One other project I have to mention is doing up a hallway and a lounge in a Surrey home for a young couple. They had this vision of some very on-trend and cool design but when I suggested painting all the woodwork in charcoal grey they got cold feet and said: “No, this is not us.” Luckily, I did manage to convince them to go with it and they had so many compliments from anyone coming to the house. Even their decorator said it was one of the most dramatic and successful transformations he has ever seen. Be brave and follow your instincts. Sometimes you really need to push the boundaries to get some dramatic results.
What are the common mistakes people make when decorating their place?
I think people tend to go for the same old safe (and often boring) options. They do not use colour or pattern not necessarily because they don’t like it but because they don’t know where to start and how to make it work.
There is a common thread of overly co-ordinated and matchy-matchy interiors that look like they have just been put together after one visit to one showroom.
People don’t always know where to spend and where to save.
Good interiors are not about throwing a lot of money at them – they are about knowing how to pull that look together.
How would you describe your personal style?
My style has been evolving for quite a while and it has been fascinating watching myself change and grow as a designer.
I see my job as making sure that whatever my clients’ style preferences are I can adapt to them. It is not about imposing your own style on them but rather helping them to achieve the best results in whatever style they see their house. There is no right or wrong style – just the style executed badly.
Having said that, it would not be true if I said I didn’t have my personal preferences. I admire well curated sleek serene interiors with a selection of exquisite pieces of furniture and lighting but I am at my happiest among colour and pattern. Over the years, I have realised that I am more of a maximalist. I like interiors that have a soul, that look like they have been put together and evolved over time. I like an element of something bold and unexpected.
I find it sad that people aspire to “show home” interiors. Most of them are bland, impersonal and meant to please everyone and no one.
Where do you draw your design inspiration from? Who are your favourite interior designers?
If I had to choose a hotel to stay, it would have to be one of Kit Kemp’s.
The interior designers that excite me are Turner Pocock, Suzy Hoodless, Studio Duggan. They all have a lot of personality and flair in their design while looking very current.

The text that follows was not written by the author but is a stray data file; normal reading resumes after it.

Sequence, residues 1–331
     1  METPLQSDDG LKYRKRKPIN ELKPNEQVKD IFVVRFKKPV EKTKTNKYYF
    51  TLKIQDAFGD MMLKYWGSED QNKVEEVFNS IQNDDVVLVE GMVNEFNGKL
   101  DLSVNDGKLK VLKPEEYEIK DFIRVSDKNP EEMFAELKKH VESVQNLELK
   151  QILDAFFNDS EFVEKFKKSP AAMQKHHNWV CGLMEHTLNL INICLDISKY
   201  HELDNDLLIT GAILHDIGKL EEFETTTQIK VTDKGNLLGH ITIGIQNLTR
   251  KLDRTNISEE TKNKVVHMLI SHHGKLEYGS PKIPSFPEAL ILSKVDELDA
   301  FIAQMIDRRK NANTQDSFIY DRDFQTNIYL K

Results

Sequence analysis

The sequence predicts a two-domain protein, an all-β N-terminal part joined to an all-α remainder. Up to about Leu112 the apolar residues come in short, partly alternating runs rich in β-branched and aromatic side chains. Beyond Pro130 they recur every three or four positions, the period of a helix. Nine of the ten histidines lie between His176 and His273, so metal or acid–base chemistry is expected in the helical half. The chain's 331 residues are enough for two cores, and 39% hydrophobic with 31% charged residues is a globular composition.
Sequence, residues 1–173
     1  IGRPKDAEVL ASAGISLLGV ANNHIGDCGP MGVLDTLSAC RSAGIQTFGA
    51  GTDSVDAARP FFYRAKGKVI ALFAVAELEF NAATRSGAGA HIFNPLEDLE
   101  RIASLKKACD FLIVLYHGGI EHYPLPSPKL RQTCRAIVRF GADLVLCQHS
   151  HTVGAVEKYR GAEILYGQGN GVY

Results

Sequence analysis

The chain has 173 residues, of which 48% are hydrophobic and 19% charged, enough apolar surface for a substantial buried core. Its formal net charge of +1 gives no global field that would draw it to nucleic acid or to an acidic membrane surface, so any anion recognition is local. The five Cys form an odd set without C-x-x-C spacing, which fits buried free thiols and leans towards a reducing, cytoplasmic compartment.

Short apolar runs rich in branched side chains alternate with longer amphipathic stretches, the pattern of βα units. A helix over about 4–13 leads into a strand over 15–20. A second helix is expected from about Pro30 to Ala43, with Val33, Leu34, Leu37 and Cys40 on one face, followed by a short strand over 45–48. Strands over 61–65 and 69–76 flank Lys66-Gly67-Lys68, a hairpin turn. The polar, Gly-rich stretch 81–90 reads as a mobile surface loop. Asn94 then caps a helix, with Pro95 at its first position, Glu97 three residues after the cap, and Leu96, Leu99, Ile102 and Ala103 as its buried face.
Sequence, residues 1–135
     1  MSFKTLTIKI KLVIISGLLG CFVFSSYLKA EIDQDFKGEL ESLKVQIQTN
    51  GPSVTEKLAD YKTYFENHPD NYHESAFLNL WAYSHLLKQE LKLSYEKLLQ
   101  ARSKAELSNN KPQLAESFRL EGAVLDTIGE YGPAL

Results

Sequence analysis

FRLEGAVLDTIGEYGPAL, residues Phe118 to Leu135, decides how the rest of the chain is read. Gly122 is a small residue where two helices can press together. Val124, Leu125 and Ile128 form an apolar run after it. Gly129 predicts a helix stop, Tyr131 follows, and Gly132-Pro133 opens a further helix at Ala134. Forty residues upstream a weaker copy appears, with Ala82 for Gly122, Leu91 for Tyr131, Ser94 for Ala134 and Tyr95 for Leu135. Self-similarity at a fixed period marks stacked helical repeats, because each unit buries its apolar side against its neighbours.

What are your design no-nos?
I have a few rules I absolutely stand by.
Never paint a dark small room white. Don’t fight the lack of light, work with it. Use pattern or a dark cocooning colour (with clever lighting) and you will have a cosy atmospheric rather than bland and boring room. Talking of dark colours, I have used them a lot recently. There is something irresistible about a well put-together dark room.
Plan your lighting, It is as important as colour and hard and expensive to change at a later stage. Think about layering your lighting in the same way as you would layer texture. Have various types of lighting at different levels. And go for a bigger chandelier than you think you need and a more expensive one than you think you can afford.
Know where to save and where to spend. Invest in quality joinery and good flooring and you can get away with spending less money on some other things.
A little bit of wallpaper goes a long way. I love interesting wallpapers. Cole & Son has been my personal favourite for a long time. Their wallpapers are like art. Totally unique and amazing.
Do not have a feature wall unless there is a good reason for it. Often people resort to feature walls just because they are afraid of using colour or pattern throughout. A feature wall needs to be intentional.
What current trends are your favourites at the moment?
Dark rooms I have already mentioned above. You do not have all house dark – it might not be for everyone. But contrast works well and a dark room will help you appreciate light in the other rooms even more.
Mixing and matching trend. It brings excitement to interiors, keeps them from looking sterile and bland.
OTT patterns in fabrics and wallpapers. I think well chosen wallpapers and textiles elevate interiors.
Quality velvets – it is hard to beat a sofa in some gorgeous deep-coloured velvet.
Mix of materials – you see a lot of quite contrasting textures and materials brought together in one space. I think this juxtaposition creates interest.
Elena, thank you so much for your time, it’s been a pleasure!
Dear readers, if I’ve missed something out and you have any questions for Elena, please add them to the Comments section below.